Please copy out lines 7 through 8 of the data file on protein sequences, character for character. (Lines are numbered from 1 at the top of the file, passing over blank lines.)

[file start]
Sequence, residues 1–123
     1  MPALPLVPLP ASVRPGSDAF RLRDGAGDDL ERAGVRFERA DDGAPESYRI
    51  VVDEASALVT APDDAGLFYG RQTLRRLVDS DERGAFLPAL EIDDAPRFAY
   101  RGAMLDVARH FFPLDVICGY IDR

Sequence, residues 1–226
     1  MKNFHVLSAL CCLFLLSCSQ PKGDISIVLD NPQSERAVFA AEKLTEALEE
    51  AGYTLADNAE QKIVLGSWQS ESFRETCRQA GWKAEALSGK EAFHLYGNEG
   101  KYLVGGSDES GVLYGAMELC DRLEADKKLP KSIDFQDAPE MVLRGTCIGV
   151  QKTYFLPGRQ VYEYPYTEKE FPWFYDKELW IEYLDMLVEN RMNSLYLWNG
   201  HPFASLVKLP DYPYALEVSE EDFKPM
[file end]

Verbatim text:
    51  AGYTLADNAE QKIVLGSWQS ESFRETCRQA GWKAEALSGK EAFHLYGNEG
   101  KYLVGGSDES GVLYGAMELC DRLEADKKLP KSIDFQDAPE MVLRGTCIGV